“Praise be to the God and Father of our Lord Jesus Christ, the Father of compassion and the God of all comfort, who comforts us in all our troubles, so that we can comfort those in any trouble with the comfort we ourselves have received from God.”
2 Corinthians 1:3–4, NIV
As we have watched the news in the last few months, we have seen the horrific daily number of deaths from COVID-19. There have been times when I have just dropped my head, other days when I have prayed, some when I have changed the channel and–if I am honest–others when I have become numb, as if it were just another number like the stock market or the price of oil. I am embarrassed to share that with you, but it became clear to me yesterday when we reached 100,000 deaths as a result of COVID-19.
Let that sink in for a moment. That is more than the population of North Little Rock, Arkansas; more than the population of Greenville, South Carolina; and more than Boca Rotan, Florida. Imagine if you woke up tomorrow and everyone in Conroe had died, or Georgetown or Missouri City. Consider if eight times the number of people who live in our state’s beloved Fredericksburg just, well, went away.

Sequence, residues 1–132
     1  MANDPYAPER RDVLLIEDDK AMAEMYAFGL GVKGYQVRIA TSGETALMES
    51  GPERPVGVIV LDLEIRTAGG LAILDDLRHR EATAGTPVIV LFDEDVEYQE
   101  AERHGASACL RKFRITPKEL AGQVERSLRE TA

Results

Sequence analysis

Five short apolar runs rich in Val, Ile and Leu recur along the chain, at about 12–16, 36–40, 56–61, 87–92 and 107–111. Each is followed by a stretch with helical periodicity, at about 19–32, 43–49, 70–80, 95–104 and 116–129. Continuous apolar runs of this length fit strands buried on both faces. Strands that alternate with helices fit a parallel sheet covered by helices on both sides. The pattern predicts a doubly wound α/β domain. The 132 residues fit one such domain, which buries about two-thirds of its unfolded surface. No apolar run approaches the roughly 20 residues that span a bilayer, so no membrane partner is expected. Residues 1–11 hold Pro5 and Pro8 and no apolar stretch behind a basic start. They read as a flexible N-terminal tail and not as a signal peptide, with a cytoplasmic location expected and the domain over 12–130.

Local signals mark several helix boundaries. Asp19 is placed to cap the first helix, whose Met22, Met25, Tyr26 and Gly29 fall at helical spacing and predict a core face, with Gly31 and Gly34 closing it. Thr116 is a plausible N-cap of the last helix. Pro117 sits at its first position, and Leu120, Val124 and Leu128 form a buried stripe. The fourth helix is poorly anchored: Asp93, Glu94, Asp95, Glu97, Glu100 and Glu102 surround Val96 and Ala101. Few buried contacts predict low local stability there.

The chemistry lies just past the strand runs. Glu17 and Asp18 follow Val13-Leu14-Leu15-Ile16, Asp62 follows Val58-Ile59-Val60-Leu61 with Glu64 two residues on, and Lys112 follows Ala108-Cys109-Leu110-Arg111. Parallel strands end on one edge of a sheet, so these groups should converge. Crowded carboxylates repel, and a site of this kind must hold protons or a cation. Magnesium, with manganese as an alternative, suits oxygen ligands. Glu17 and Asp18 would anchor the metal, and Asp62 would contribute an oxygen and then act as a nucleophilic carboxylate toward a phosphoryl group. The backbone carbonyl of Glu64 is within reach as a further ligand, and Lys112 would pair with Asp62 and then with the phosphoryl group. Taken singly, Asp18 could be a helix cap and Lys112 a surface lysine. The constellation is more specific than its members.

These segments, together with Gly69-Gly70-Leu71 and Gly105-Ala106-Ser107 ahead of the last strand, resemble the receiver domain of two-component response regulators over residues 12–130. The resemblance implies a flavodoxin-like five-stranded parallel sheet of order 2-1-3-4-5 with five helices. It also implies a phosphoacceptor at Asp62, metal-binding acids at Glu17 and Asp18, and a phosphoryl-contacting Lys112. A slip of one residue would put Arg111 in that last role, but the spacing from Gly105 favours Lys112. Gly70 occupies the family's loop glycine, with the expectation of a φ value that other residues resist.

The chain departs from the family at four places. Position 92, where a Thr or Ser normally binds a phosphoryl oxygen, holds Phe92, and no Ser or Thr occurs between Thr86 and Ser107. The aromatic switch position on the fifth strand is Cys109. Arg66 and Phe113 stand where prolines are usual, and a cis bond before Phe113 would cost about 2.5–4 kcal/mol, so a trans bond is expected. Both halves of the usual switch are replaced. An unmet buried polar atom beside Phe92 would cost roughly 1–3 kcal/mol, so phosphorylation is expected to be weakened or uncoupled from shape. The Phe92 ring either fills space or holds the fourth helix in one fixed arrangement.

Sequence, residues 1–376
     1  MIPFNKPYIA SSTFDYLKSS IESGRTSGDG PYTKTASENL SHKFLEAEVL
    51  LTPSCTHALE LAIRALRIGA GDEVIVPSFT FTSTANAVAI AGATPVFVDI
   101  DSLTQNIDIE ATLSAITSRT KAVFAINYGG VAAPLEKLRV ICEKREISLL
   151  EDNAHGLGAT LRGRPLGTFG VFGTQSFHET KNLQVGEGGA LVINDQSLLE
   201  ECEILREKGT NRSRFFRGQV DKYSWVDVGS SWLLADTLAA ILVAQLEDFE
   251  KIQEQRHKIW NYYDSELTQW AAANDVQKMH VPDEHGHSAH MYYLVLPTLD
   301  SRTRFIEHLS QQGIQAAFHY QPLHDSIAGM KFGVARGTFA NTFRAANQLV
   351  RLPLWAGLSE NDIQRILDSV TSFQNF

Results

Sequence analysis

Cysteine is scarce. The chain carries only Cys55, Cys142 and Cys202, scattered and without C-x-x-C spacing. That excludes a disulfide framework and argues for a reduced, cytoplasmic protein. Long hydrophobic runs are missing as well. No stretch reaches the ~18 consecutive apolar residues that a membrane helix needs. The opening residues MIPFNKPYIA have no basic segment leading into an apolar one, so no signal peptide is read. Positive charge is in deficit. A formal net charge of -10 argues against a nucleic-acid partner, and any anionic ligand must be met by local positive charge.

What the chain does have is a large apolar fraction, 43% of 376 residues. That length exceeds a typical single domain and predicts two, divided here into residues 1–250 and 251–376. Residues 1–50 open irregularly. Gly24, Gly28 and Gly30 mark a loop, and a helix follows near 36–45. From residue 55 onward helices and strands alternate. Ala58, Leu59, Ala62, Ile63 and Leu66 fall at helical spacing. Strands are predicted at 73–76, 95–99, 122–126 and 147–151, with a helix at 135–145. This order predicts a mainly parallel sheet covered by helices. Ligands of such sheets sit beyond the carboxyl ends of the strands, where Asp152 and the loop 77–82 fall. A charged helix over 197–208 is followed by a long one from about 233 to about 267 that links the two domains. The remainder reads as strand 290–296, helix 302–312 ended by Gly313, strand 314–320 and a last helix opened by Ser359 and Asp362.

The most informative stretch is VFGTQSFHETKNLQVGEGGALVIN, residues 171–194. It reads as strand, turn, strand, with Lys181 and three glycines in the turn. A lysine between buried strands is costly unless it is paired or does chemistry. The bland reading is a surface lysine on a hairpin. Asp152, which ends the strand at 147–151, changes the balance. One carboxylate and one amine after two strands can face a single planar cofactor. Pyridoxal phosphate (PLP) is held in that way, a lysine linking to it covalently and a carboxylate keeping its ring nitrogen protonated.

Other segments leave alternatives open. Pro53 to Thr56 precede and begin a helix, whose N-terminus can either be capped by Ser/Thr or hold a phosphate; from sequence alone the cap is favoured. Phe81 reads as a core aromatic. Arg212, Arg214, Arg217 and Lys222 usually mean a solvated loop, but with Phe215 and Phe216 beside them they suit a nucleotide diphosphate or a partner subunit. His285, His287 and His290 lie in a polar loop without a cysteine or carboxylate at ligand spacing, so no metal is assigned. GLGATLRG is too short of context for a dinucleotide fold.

We all know, now, people who have contracted the virus, people who have recovered and people who have died. Yet in my prayers yesterday, I had to confess that I was a bit anesthetized to it all. I mean, no one in my family has contracted the virus. None of my family members have died. We have only had a handful of cases among our members at St. Martin’s and they have all recovered, well,
Yet then came that number:
. Among them the elderly, those in the prime of life and now, sadly, children. Among them teachers, physicians, First Responders, clergy, moms and dads, siblings, tailors, bus drivers–people who, like you and me, have people who love them, grieve their deaths, and feel deep pain and loss.
And so today, as your priest, pastor and friend, I confess this to you and I repent. I was becoming more concerned about how the stock market was doing, the frustrations with how and when to open our worship together, the fear of the economic impact on Houston and on St. Martin’s, the tedious nature of trying to make the daily duties of work as well as my dashed vacation plans, and I had begun to forget that people are still suffering, grieving, and dying–and that number, sadly, will continue to rise.
Good Lord, forgive me.
I know, frankly, that I will probably slip into these sins yet again (and they are sins). Yet what I found creeping out of me yesterday morning was not only a need to confess and repent, but also a hunger for the comfort of God. And I was reminded of the verses above: “
God of all comfort–comfort us, so that we can comfort those in any trouble
God is not a
quid pro quo
God. He does not give expecting anything back. He gives because it is God’s nature to give. Yet have you noticed throughout Scripture that in giving, there is an invitation for each of us to be like our Divine Father? God forgives and we are called to forgive (Matthew 6:12
14); God is merciful and we are called to be merciful (Luke 6:36
42); God loves and we are called to love (John 13:34). Here in 2 Corinthians we see that “
Why? So that in knowing His comfort, we can comfort others.